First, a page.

Every German produces at least 100 kg of plastic waste every year through private consumption alone. According to a report by the German Ministry for the Environment, Germany generated 18.7 million tons of packaging waste in 2017, corresponding to more than 225 kilograms per capita. The Packaging Act that came into force in early 2019 is aimed at reducing this and improving the recyclability of packaging. Plastic packaging will now have to be directed to recycling to at least 58.5 per cent of the resources. The rate will rise to 63 per cent from 2022.
Dave Hakkens: Create a global community of recyclers
Alongside avoiding the generation of refuse, the main thing is recycling. Since early 2019, Precious Plastic Hamburg, a civil society initiative and student working group from the Hamburg University of Technology (TUHH), which has constructed its own recycling plant, has devoted itself to this. Ideas and plans derive from the Dutch designer Dave Hakkens, who has set himself the target of creating a global community of recyclers. The plant he has developed is easy to construct and operate and fits into a single container. This means that anyone in the world can recycle plastic to make new products and start their own small business.
Precious Plastic plant consists of three machines
The suburb of Harburg now has a Precious Plastic plant consisting of three machines – a shredder that turns plastic waste into small flakes and two other machines able to make new things from the flakes – from bookends through buckets and bowls up to coasters. Florian Lehmkuhl has been there from the outset. The 29-year-old Master’s student of Produktentwicklung, Werkstoffe und Produktion at the TUHH aims to increase his understanding of recycling processes. “Precious Plastic Hamburg will not be able to save the world all on its own. But if we are able to take forward our knowledge on graduation into the major companies, we will be able to change things from the inside.”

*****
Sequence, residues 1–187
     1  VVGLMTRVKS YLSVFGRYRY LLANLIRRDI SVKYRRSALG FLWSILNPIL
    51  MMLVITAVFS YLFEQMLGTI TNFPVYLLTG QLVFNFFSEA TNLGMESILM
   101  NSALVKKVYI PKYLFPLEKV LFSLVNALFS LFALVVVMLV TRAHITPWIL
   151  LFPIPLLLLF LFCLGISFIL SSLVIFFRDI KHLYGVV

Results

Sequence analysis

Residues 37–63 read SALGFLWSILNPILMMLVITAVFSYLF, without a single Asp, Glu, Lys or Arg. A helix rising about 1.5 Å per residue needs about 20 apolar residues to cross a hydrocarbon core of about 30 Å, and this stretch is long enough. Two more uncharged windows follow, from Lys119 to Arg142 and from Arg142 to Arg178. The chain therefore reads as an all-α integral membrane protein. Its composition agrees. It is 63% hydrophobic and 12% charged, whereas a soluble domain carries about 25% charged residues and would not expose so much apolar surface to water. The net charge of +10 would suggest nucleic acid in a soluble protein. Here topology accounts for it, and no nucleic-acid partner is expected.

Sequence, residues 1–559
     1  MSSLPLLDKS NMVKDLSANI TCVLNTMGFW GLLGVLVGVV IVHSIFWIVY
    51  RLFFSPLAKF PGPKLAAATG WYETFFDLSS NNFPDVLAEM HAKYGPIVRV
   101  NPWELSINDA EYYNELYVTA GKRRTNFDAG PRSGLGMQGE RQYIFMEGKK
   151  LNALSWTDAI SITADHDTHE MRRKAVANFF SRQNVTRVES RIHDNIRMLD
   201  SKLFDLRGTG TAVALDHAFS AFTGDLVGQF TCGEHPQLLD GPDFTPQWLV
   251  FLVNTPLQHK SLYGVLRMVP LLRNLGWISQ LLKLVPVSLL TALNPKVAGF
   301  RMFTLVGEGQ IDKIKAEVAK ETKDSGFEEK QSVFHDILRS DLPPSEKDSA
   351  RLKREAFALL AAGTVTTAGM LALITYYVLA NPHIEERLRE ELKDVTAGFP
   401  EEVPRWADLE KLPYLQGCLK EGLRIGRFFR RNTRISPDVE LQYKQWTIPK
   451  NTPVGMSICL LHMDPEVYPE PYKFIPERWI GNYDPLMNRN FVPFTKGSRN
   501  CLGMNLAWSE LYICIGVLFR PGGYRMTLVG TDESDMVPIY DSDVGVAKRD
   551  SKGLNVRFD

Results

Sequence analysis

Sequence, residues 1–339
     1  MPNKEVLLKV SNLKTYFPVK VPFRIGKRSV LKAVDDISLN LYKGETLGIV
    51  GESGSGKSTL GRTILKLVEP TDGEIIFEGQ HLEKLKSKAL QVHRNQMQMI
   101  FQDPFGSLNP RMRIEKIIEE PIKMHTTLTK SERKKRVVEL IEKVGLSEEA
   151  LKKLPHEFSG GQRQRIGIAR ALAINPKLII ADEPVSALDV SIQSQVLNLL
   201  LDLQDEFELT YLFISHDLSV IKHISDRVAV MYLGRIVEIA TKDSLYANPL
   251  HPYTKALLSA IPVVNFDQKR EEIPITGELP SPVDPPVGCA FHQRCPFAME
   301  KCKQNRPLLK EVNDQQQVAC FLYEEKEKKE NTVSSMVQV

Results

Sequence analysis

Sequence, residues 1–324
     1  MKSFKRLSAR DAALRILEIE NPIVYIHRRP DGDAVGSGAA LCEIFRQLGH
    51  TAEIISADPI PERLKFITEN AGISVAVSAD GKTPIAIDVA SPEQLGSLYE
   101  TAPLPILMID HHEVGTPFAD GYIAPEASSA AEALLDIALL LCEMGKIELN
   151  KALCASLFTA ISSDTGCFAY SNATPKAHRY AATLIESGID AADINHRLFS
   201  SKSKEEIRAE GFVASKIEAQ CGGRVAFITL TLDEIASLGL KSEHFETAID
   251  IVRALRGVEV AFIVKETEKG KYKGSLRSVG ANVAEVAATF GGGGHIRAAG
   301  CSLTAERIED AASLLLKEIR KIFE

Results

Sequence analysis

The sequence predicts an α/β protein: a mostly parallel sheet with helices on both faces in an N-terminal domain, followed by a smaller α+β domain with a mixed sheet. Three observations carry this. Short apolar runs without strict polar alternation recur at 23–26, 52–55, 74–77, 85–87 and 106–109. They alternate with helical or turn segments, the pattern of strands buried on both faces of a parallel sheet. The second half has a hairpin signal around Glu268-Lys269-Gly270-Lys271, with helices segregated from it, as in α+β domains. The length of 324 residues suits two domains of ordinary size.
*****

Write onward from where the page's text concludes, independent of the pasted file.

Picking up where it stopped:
Bringing business, schools and individuals on board
The dissemination of knowledge for this reason lies at the core for Precious Plastic Hamburg, alongside building up a small Product Production. “We offer workshops, aiming at both companies, as well as schools and individuals, among whom we would like to raise awareness about the advantages of recycling,” Lehmkuhl says. There is already a co-operation with Rauhen Haus, a local soap manufacturer, and under the auspices of Hamburg räumt auf, a campaign launched by the Hamburg municipal cleaning authority, the Precious Plastic team went into the Schule Grumbrechtstraße, to introduce primary school pupils to the mysteries of plastic recycling.
Avoid black plastic at all costs
The issue is very complex, as Lehmkuhl is aware. Plastic is not simply plastic. “There are many different kinds of varying chemical composition that may not be mixed up together during recycling.” That means laborious sorting into type and colour before the recycling can begin. “The pigments contained in plastic are only soluble with great difficulty and different colours, when mixed, yield – grey,” Lehmkuhl says. And black plastic has poor recoverability, as it is simply not seen by the sensors in the large recycling plants, ending up being incinerated instead. So, when considering your next purchase, you could make a choice on grounds of colour – and thus make a contribution in a very simple way to boosting the recycling rate.
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